Researchers test PEDV ‘trailer’ life

February 26, 2015

3 Min Read
Researchers test PEDV ‘trailer’ life

Iowa State University researchers have investigated time and temperature combinations sufficient to inactivate porcine epidemic diarrhea virus in swine feces on metal surfaces similar to what is found in livestock trailers after fecal and other organic matter has been removed by scraping and sweeping. Combinations of time and temperature evaluated represent possible options for trailer decontamination when washing and disinfecting are not possible.

Seven treatment groups representing different combinations of time and temperature were evaluated. Five ml of undiluted PEDV-positive feces (or negative feces for the negative control group) were spread evenly on the bottom surface of a 6-inch by 6-inch aluminum tray with 1-inch sides, made to replicate a trailer floor. Following treatment as outlined in Table 1, the feces were re-collected from the tray, diluted and passed into PEDV-negative 4-week-old pigs via oral-gastric tube. These pigs served as a bioassay to detect the presence of infectious PEDV. Pigs were monitored for clinical signs consistent with PEDV, and fecal swabs were collected on days 3 and 7 post-challenge. Swabs were tested via PEDV RT-PCR.

Each treatment group contained four replicates of the treatment, with passage into separate pigs for the bioassay. An individual pig was the experimental unit. The seven treatment groups and negative control are described in Table 1.

Preliminary results are summarized in Table 2. These results were analyzed via Fishers Exact test and overall, treatment was found to have a significant effect on PEDV status (p=0.0335). More specifically, the 160F10M and 68F7D groups were each found to be significantly different than the positive control group (p=0.0286). No other group comparisons were found to be significantly different from one another.

Conclusions and implications
These results suggest it may be possible to inactivate PEDV in the presence of feces by heating trailers to 160 degrees F for 10 minutes or by maintaining them at room temperature (68 degrees F) for at least seven days. No other combinations of time and temperature were shown to be effective at inactivating PEDV in a contaminated, unwashed hog trailer.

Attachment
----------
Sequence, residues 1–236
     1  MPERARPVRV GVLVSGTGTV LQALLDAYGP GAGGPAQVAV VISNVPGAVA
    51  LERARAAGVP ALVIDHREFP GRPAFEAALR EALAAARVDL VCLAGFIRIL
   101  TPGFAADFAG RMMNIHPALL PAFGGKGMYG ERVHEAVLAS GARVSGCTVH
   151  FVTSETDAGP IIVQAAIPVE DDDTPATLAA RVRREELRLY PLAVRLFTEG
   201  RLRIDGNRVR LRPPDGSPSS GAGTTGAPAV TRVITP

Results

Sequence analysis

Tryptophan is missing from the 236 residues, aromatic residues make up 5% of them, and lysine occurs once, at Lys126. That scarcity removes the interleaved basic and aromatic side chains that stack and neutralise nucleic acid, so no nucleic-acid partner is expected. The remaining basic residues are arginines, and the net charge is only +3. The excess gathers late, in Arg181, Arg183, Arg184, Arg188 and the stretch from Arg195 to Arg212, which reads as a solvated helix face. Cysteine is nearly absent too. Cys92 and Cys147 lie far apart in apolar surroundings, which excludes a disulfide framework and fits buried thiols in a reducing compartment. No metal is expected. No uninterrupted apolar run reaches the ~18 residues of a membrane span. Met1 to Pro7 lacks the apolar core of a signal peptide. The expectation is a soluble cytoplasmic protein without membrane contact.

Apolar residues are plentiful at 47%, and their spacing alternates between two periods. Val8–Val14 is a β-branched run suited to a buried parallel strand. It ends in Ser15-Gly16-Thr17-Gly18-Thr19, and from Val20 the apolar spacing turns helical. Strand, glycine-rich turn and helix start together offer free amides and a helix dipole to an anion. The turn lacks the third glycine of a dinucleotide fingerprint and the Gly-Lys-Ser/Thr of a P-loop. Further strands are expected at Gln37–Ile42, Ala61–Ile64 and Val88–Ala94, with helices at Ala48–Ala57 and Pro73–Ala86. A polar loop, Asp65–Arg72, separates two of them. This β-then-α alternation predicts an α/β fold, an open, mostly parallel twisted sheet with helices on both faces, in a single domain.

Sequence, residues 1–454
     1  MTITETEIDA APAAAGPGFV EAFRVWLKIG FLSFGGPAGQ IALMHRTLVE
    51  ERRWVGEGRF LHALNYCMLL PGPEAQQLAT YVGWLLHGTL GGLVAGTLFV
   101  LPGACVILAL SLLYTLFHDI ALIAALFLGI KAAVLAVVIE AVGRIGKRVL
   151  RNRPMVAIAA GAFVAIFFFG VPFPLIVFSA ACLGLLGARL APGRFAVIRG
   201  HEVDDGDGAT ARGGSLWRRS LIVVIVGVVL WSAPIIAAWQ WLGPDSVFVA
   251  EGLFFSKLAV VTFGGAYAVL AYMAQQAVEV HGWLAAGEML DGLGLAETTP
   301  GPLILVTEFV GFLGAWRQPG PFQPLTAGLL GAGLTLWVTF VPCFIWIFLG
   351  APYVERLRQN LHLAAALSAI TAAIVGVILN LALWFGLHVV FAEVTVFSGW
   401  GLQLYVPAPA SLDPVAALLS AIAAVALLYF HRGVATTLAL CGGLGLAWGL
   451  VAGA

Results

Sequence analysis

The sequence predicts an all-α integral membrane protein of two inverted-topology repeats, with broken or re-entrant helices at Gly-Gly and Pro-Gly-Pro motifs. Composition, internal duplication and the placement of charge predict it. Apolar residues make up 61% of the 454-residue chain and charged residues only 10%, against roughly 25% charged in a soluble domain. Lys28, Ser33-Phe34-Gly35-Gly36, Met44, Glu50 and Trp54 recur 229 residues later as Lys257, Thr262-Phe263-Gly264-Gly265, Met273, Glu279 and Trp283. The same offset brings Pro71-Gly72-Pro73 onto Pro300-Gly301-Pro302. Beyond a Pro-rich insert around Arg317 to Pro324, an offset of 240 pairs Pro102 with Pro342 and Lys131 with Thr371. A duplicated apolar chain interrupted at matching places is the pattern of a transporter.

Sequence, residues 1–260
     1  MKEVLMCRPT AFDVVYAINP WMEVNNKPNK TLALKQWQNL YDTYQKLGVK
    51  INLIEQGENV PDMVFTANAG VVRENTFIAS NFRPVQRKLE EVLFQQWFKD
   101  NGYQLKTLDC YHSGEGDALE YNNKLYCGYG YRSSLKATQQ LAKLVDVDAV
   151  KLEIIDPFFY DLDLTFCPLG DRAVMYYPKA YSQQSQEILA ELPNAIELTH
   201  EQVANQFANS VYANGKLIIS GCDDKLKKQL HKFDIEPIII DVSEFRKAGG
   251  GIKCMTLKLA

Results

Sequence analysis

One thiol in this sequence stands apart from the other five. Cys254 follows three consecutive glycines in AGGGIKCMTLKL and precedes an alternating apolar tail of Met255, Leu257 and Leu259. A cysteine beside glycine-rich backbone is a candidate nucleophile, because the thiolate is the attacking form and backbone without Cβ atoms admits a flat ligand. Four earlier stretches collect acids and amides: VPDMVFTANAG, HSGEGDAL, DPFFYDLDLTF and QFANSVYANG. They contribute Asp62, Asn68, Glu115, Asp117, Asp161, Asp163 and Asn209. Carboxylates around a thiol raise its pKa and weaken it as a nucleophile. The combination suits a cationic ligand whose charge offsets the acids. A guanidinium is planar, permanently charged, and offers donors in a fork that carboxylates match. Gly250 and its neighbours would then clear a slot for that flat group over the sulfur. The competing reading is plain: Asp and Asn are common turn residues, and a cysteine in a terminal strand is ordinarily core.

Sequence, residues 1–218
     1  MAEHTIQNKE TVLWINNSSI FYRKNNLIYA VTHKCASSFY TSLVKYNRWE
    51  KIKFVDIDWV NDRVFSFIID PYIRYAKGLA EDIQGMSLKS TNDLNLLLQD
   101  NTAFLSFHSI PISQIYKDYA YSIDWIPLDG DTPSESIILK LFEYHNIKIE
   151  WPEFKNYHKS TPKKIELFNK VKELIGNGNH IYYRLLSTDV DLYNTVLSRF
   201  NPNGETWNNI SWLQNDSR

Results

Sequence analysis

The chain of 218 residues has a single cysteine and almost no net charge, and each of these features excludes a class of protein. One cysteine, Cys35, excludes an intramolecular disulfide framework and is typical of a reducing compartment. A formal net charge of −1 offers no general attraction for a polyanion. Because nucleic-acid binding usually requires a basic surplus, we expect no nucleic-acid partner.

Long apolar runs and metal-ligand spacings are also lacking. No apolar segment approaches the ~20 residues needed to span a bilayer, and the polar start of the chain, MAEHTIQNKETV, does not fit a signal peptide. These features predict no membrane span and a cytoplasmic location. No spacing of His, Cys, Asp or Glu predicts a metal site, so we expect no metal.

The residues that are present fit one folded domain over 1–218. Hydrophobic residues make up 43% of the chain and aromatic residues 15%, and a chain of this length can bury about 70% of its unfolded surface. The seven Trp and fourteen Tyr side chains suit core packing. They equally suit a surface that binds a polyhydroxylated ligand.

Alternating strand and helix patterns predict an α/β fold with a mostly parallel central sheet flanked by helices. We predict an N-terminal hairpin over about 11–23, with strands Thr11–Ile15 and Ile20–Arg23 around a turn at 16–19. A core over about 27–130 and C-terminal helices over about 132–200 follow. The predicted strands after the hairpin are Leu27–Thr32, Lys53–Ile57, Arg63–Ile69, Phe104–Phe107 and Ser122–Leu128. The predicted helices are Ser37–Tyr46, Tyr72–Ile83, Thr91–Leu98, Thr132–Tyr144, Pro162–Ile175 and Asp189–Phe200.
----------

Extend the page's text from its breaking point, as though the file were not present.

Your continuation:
The investigators do not propose that this is a preferred alternative to thoroughly washing, disinfecting and drying trailers after hauling PEDV-positive animals. Rather, this work demonstrates the value of possible alternatives when proper washing and disinfection absolutely cannot be accomplished as a means to reduce the risk of transmitting PEDV between groups of animals.

Take-home points
This information is not meant to suggest alternatives to thorough washing, disinfecting and drying of hog trailers between loads of pigs — these are the gold standard for trailer biosecurity and should be accomplished whenever possible. This information is meant to serve those producers who absolutely cannot wash, disinfect and dry trailers between loads due to facility or logistical constraints.

Heating to 145 degrees F was ineffective at killing PEDV, while heating to 160 degrees F was effective. There are many trailer-drying facilities operating between these temperatures. Until more information is known, producers are advised to increase drying temperatures (trailer temperatures) to 160 degrees F for at least 10 minutes.

This study showed that proper heating in the absence of washing and disinfecting can be effective at killing the PEDV. If producers meet time constraints that keep them from washing and disinfecting trailers, there is still great value in heating these trailers to 160 degrees F for 10 minutes. The heating process requires less time than washing, and so may be able to be accomplished in these instances.

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